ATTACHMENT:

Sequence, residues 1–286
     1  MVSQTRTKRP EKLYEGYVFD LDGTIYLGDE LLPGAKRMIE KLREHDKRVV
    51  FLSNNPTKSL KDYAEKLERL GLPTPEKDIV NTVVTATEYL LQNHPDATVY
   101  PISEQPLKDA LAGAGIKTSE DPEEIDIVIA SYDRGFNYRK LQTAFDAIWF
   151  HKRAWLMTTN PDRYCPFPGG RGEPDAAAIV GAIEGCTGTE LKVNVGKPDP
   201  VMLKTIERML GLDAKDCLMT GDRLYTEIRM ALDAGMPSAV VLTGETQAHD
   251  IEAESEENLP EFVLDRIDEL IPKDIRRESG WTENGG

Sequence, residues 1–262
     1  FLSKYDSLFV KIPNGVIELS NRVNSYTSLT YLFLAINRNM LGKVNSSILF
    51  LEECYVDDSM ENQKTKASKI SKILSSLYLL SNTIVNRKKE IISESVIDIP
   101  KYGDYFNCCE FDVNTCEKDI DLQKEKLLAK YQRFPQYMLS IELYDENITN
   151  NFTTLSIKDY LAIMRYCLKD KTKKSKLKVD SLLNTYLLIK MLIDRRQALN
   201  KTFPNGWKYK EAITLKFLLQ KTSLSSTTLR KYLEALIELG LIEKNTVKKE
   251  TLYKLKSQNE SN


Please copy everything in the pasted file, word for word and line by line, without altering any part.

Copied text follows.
Sequence, residues 1–286
     1  MVSQTRTKRP EKLYEGYVFD LDGTIYLGDE LLPGAKRMIE KLREHDKRVV
    51  FLSNNPTKSL KDYAEKLERL GLPTPEKDIV NTVVTATEYL LQNHPDATVY
   101  PISEQPLKDA LAGAGIKTSE DPEEIDIVIA SYDRGFNYRK LQTAFDAIWF
   151  HKRAWLMTTN PDRYCPFPGG RGEPDAAAIV GAIEGCTGTE LKVNVGKPDP
   201  VMLKTIERML GLDAKDCLMT GDRLYTEIRM ALDAGMPSAV VLTGETQAHD
   251  IEAESEENLP EFVLDRIDEL IPKDIRRESG WTENGG

Sequence, residues 1–262
     1  FLSKYDSLFV KIPNGVIELS NRVNSYTSLT YLFLAINRNM LGKVNSSILF
    51  LEECYVDDSM ENQKTKASKI SKILSSLYLL SNTIVNRKKE IISESVIDIP
   101  KYGDYFNCCE FDVNTCEKDI DLQKEKLLAK YQRFPQYMLS IELYDENITN
   151  NFTTLSIKDY LAIMRYCLKD KTKKSKLKVD SLLNTYLLIK MLIDRRQALN
   201  KTFPNGWKYK EAITLKFLLQ KTSLSSTTLR KYLEALIELG LIEKNTVKKE
   251  TLYKLKSQNE SN